Zika virus and brain cellsSaturday, September 17, 2016
The Zika virus has been linked to birth defects such as microcephaly and other neurological disorders. As research on this debilitating virus continues, there is new evidence to suggest that Zika may affect brain cells.
New research in mice from scientists at The Rockefeller University and La Jolla Institute for Allergy and Immunology in the United States suggests that certain adult brain cells may be vulnerable to infection as well. Among these are populations of cells that serve to replace lost or damaged neurons throughout adulthood, and are also thought to be critical to learning and memory.
Although more research is needed to determine if this damage has long-term biological implications or the potential to affect behaviour, the findings suggest the possibility that the Zika virus, which has become widespread in Central and South America over the past eight months, may be more harmful than previously believed. The new findings were published in American online journals Cell Stem and The Newswire from Rockefeller University on August 18, 2016.
Professor Sujan Shresta at the La Jolla Institute of Allergy and Immunology has said that Zika is a complex disease which can be catastrophic for early brain development, yet the majority of adults who are infected with Zika rarely show detectable symptoms. Current evidence from the University of California San Diego Health Sciences News suggests that Zika targets neural progenitor cells, leading to loss of these cells and to reduced brain volume. This closely mirrors what is seen in microcephaly — a developmental condition linked to Zika infection in developing foetuses that results in a smaller-than-normal head and a wide variety of developmental disabilities.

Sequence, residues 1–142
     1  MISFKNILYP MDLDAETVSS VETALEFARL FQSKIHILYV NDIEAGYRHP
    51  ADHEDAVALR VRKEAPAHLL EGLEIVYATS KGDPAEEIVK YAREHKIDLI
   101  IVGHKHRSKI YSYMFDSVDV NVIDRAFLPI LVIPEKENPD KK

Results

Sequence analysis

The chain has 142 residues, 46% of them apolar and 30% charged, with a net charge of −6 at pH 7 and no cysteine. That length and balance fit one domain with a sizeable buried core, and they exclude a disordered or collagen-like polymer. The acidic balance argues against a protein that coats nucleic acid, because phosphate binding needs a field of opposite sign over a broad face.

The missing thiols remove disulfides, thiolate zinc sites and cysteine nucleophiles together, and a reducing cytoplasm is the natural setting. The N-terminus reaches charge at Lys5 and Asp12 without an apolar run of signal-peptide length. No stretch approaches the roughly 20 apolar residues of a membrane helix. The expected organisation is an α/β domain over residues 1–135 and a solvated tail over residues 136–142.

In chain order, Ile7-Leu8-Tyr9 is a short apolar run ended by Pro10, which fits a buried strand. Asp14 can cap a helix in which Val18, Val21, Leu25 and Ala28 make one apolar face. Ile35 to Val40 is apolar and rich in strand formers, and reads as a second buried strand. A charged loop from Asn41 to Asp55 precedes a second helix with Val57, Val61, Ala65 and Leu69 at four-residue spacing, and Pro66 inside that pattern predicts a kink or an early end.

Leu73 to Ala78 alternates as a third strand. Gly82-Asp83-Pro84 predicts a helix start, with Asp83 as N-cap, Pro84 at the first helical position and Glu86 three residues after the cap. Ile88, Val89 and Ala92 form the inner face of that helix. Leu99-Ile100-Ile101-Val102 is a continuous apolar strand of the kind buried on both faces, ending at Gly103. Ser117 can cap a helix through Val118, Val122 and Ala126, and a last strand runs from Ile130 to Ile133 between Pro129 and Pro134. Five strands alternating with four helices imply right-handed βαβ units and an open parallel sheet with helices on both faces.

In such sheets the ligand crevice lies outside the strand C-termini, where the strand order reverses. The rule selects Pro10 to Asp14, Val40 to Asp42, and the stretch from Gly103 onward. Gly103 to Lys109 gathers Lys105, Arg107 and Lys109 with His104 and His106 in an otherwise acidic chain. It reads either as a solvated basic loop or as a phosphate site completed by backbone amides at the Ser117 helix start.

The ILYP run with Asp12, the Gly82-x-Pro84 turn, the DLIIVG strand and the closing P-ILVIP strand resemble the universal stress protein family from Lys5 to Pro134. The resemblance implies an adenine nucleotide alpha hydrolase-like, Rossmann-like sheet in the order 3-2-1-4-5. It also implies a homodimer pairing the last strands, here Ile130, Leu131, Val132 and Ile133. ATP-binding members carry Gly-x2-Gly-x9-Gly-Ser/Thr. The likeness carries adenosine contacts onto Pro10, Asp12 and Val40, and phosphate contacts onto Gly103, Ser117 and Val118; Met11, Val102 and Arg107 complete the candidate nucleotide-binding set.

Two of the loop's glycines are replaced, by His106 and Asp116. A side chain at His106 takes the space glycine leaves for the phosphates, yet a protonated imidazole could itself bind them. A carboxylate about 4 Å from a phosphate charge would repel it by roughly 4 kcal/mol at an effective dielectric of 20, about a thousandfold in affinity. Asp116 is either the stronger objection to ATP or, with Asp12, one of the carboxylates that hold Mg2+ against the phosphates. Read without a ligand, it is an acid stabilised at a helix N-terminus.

The truth is that there is still a lot we do not know about Zika.
What we do know so far is that Zika has been linked to microcephaly, a birth defect where babies are born with small heads; as well as Guillain BarrÃ¨ Syndrome, a neurological disorder resulting in weakness of various muscle groups among other neurological disorders. We are still unsure of the number of infected pregnant women who will have babies with microcephaly, but based on research and experience from other countries it is estimated that up to10 per cent of pregnant women exposed to the Zika virus may have a child with microcephaly.
In a bid to manage this potential reality, the Ministry of Health will establish a fund of $50 million to support interventions for families and babies born with microcephaly. The fund will assist in carrying out activities that include support for high-risk clinics and psychosocial interventions. The initiative stems from the concern about the impact on mothers and families of children born with microcephaly and other neurological disorders.
The Ministry of Health continues to increase its clinical capacity through training of healthcare professionals, infrastructure upgrades, increased human resources and acquisition of equipment, supplies and medication to deal with Zika and its associated complications including Guillain Barrè Syndrome.
For more information, visit the Ministry of Health’s website at moh.gov.jm and like and follow us on
www.facebook.com/themohgovjm; https://twitter.com/themohgovjm; https://instagram.com/themohgovjm.
Now you can read the Jamaica Observer ePaper anytime, anywhere. The Jamaica Observer ePaper is available to you at home or at work, and is the same edition as the printed copy available at https://bit.ly/epaper-login